Breast cancer treatments must be personalised to each individual. Our research aims to improve treatment options and ensure all patients can access the right treatment for them.
Breast cancer is not just one disease – there are more than 20 different types of breast cancer that we know of. That’s why treatments must be highly targeted, personalised to each unique individual and their particular form of breast cancer. But there’s more we need to know before we can truly fit the right treatment to the right person.
By 2025, by improving treatment options we believe 13,000 more women will have their primary breast cancer effectively treated.
By 2030, we believe we will have identified what causes different tumours to grow and progress, enabling us to select the best treatment for every patient.
Our research into new treatments has changed the landscape for breast cancer patients. Now, we must develop treatments that are highly targeted and as unique as each individual patient, ensure all patients can access the right treatment for them and that everyone living with and beyond breast cancer receives the support they need.
Making sure the government continues to invest in science and research and that the environment in which research takes place is working as best it can will be critical. To do this, we must ensure the legal framework supports innovations in treatment and that Higher Education is delivering the skills and the workforce needed to develop the treatments of tomorrow.
We need to know what kick-starts breast cells to become cancerous, and tumours to form, and what triggers their growth and makes the disease progress for each patient. Our researchers are sifting through vast collections of tumour tissue and DNA from women with different types of breast cancer to help understand how the different forms of the disease develop and behave. This pioneering research is already speeding up progress towards developing new drugs and directing existing treatments more effectively. Our researchers are also studying how to stop cancers from progressing by looking at the process of cell death, where potentially harmful cells commit suicide to protect the body. This process doesn’t work in cancer cells, so our researchers are trying to find ways to kick-start cell death.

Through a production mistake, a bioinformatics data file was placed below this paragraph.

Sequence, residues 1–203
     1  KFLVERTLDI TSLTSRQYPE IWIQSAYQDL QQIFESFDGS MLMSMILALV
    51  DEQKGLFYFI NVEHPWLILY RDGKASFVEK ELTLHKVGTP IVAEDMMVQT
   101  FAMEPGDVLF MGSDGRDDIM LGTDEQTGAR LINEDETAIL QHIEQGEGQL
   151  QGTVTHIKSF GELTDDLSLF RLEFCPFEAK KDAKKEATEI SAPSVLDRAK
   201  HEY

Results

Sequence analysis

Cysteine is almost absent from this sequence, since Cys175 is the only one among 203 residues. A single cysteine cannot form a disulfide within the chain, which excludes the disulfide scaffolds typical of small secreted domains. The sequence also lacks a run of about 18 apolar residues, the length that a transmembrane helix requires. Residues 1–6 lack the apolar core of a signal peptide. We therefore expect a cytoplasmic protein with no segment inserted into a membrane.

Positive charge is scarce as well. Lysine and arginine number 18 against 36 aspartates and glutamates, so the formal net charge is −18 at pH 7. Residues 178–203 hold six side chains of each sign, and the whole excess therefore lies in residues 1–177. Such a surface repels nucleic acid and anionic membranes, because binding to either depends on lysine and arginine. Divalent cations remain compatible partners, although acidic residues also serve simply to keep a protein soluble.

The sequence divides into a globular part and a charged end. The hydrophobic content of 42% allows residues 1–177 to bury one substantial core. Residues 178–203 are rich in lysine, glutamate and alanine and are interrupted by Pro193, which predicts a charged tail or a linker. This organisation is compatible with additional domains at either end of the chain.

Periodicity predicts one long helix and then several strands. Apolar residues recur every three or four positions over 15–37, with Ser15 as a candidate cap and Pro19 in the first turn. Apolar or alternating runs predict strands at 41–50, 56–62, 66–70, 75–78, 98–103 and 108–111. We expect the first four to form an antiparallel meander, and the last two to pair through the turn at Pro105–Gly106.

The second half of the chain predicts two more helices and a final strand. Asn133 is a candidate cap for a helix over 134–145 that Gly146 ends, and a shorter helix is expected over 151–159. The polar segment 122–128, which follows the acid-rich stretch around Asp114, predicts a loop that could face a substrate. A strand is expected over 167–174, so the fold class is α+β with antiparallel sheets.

Finding the right treatment for each patient means understanding how they respond to drugs and developing tests to predict this in advance. This will help tailor the type and intensity of treatment, in some cases allowing patients to safely avoid treatments where the potential side effects outweigh the benefits.
We must also find ways to stop breast cancers developing resistance to treatments. Our researchers are studying resistance to drugs like tamoxifen and PARP inhibitors to understand how cancer cells evade treatments, so that we can learn how to deal with resistance by either changing treatment regimens, or by avoiding resistance in the first place.
Hard-to-treat breast cancers present a further challenge. We must find effective treatments for patients whose options are currently limited. There are still no targeted treatments approved for triple negative disease, which affects 15% of women with breast cancer. Our researchers are leading a practice-changing study called the Triple Negative Trial, which is aiming to work out which of two chemotherapy drugs work best for women with triple negative breast cancer. We’re also working to develop new drugs for these patients.
While it’s vital to treat the physical symptoms of breast cancer, it’s also essential to ensure a patient’s emotional wellbeing is taken care of to protect their long-term quality of life. Our researchers have shown that up to 60% of people with breast cancer stop taking their anti-hormone treatments, such as tamoxifen, before the end of five years, which increases the chances of their disease coming back. By talking to patients and healthcare professionals, our researchers are getting to the bottom of this problem and designing ways to support people taking tamoxifen to ensure they get the maximum benefit from the drug, increasing their quality of life and chances of survival.